On Investigating a Predator Pastor
First, we should be very clear that this post is not talking about a pastor who yields to temptation and stumbles into sin. The Bible is very clear that in such a case, when a pastor is overtaken in a fault, the spiritual are to restore such an one in the spirit of meekness.
But our confusion often begins at this particular juncture. How are we to know the difference between a pastor who uses his position to prey on people, and a pastor who genuinely was overtaken in a fault? For starters, the pastor who stumbled in the heat of the moment will not be demanding forgiveness and restoration. Nor will he be insinuating or implying that we ought to be thinking restoration. Nor will he wait to get caught. He will come forward with his sin himself. His first desire will be to come clean, to make himself accountable, submitting to the church, and making things right. If his sin has disqualified him either temporarily or permanently from ministry (and he will not use semantics for a covering — see Psalm 51 for a sample of true confession), then he will step down immediately. It is absurd to argue that a pastor who refuses to confess his sin, who demands forgiveness and demands that we ignore his sin, who refuses to step down, should be restored to anything.
When a pastor sins and immediately does the right thing, submitting himself to the Word of God and to the spiritual authority of the church, then Galatians 6:1 comes into play; restoration can take place to the extent allowed by Scripture. In this case, we are not dealing with a â€œPredator Pastor.â€ But when a pastor is busily (and overtly) attempting to cover his sin, to diminish it, to rationalize it, and to force your hand through demands for submission, forgiveness, and/or restoration, then we have a predator on our hands. How then do we deal with such an one as this?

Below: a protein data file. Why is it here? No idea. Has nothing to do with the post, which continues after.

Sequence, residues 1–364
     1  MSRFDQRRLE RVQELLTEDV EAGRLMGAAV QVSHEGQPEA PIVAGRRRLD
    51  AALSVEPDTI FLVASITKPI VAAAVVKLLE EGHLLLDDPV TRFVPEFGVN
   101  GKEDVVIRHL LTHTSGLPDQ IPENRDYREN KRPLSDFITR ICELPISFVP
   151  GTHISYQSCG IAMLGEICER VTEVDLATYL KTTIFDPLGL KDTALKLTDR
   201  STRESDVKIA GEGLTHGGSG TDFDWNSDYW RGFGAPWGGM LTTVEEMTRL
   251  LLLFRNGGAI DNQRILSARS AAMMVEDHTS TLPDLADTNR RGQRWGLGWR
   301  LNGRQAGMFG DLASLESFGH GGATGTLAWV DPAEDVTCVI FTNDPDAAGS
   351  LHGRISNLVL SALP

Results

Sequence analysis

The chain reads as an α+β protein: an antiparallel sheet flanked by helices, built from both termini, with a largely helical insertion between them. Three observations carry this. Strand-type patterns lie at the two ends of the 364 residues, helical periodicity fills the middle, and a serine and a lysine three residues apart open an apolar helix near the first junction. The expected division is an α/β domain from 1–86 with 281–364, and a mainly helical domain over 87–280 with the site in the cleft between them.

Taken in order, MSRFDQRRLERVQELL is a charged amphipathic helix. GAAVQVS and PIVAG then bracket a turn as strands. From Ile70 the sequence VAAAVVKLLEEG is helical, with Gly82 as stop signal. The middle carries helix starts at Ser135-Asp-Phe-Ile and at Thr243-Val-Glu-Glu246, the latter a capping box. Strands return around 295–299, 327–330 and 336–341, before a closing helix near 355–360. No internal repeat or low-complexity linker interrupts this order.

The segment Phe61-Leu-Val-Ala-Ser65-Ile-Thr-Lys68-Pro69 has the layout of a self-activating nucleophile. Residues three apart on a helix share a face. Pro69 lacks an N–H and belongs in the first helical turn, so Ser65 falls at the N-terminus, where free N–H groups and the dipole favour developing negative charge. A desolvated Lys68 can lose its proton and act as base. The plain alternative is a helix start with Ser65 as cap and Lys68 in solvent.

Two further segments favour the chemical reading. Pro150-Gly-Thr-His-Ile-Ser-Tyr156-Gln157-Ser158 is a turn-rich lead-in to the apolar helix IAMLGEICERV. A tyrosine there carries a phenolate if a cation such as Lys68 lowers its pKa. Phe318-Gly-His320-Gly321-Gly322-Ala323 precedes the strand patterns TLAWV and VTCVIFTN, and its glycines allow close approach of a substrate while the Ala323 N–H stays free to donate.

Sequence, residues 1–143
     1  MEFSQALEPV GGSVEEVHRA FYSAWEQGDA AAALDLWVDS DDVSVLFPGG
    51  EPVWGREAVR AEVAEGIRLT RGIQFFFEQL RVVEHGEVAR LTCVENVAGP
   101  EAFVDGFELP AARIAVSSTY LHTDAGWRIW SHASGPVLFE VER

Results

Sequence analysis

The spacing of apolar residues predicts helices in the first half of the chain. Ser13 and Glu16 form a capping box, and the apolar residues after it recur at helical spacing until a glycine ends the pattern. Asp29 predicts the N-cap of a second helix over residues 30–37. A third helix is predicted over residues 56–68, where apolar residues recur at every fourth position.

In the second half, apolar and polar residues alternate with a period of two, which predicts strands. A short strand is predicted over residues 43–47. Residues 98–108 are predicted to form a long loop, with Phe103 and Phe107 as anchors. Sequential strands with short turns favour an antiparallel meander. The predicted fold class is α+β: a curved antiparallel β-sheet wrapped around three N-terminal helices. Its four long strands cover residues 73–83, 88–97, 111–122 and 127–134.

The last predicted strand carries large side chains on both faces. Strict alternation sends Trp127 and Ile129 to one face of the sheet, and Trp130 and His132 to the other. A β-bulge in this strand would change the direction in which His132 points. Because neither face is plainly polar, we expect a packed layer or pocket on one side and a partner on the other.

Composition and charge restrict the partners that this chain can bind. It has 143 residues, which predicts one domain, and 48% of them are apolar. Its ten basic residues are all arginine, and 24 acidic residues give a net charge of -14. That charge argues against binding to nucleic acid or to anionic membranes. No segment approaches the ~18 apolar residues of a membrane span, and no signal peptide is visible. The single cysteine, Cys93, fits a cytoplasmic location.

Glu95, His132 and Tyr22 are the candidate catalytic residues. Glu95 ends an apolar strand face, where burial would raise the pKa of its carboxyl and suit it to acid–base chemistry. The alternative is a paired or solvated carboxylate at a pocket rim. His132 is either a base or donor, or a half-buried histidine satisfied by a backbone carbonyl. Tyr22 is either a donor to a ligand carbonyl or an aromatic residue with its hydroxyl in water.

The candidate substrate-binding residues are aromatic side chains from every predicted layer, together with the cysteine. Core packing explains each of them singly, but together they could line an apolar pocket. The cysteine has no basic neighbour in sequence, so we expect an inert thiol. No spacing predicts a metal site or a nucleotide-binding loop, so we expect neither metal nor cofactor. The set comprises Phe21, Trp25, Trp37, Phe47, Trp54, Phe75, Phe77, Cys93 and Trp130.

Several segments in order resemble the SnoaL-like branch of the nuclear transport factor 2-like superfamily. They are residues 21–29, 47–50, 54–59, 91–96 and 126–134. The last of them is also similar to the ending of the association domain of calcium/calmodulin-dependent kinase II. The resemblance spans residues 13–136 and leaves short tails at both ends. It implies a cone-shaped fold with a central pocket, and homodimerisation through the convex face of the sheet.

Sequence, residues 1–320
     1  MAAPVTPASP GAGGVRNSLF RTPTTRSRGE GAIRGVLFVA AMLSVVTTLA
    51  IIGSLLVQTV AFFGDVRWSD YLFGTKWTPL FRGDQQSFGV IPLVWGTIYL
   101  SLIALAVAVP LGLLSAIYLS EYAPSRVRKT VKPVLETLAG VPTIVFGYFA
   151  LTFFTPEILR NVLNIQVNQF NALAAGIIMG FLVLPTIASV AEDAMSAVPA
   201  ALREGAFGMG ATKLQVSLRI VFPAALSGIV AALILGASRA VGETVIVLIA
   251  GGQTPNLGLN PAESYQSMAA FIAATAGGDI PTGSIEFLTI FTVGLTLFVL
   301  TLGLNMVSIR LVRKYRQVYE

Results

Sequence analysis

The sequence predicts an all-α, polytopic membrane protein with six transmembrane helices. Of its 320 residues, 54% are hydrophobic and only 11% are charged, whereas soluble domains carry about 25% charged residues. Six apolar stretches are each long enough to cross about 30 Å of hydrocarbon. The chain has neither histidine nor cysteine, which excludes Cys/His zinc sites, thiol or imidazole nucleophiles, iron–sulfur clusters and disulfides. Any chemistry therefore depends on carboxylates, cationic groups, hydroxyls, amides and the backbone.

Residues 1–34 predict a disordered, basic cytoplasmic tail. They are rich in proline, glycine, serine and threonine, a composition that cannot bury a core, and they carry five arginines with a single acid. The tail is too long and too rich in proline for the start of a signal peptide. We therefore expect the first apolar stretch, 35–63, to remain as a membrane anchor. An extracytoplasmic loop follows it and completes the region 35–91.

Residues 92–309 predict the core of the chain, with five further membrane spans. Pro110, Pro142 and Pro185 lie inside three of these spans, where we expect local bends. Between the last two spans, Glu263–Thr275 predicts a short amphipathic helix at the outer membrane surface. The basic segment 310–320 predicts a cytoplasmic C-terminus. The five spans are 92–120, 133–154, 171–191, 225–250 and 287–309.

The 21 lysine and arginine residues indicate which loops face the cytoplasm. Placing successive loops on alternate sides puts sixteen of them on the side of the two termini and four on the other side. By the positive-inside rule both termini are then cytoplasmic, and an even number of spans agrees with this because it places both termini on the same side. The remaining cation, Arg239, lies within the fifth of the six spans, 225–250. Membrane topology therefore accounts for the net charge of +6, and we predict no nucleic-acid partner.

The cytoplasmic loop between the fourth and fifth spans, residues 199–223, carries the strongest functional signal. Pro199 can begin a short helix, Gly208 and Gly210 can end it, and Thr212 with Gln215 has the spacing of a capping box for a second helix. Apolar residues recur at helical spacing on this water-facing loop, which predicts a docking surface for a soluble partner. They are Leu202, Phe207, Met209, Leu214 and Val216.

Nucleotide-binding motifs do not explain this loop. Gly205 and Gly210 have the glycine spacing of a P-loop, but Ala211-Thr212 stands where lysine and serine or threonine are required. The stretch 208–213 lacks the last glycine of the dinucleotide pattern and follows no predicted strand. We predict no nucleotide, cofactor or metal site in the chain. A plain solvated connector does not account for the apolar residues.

First, we must remember our Scriptural duty to maintain the purity of the church, and as with our children, we must not let our soul spare for his crying. Because of their position, pastors have a particularly potent ability to manipulate. We must not be manipulated. When we combine the trust normally vested in a pastor with the position of authority inherent to pastors, we get a dangerous mixture, and any attempt to go against that pastor can be fraught with danger, full of confusion and difficulty. In such a case, our love for the truth must trump any loyalty to a man.
Any charge of sexual misconduct must be taken seriously. We must examine evidence. Churches often make the mistake of ignoring the obvious in favor of feelings. Church members rarely feel that their pastor is capable of sexual misconduct. But our feelings about the possibilities say nothing about the facts of what actually happened. We must weigh evidence, not feelings.
But weighing evidence, unfortunately, is not always an exact science. As has been mentioned previously, cases of sexual misconduct can be difficult or nearly impossible to investigate by their very nature. Sexual sins rarely have witnesses. Establishing two or three witnesses could require waiting for two or three victims to suffer abuse and to come forward. That can be next to impossible. Certainly, if there is more than one accuser, or if witnesses do come forth, their testimony should be heard, and if their testimony agrees, let every word be established.
Some will insist that â€œif you didnâ€™t see it happen, then you canâ€™t know.â€ Not so fast. Other evidence must also be considered. For instance, we often overlook â€œboundary violations,â€ those violations of space and time and appropriateness and ethics that always accompany any sort of sexual misconduct, and particularly are always present in the case of a predator pastor. Those investigating allegations of misconduct must always be alert to inappropriate contact and conduct on the part of the accused. Boundary violations must not be taken lightly, and certainly cannot be ignored. Does the accused admit to â€œinappropriate contact?â€ Are there witnesses who can establish unethical behavior? Have witnesses observed procedural violations? While certainly not conclusive, these are or should be obvious warning signs, and must be taken seriously.
During an investigation, church leaders should also pay attention to the way the accused answers questions. Rather than thinking that we will be able to detect a lie, based purely on feelings, we should instead look for deflections masquerading as answers. Above all else, predators wish to escape detection. We should note that goal. They do not want you to find the truth. Predators want to continue with their behavior. They want to protect themselves. They don’t care about the truth.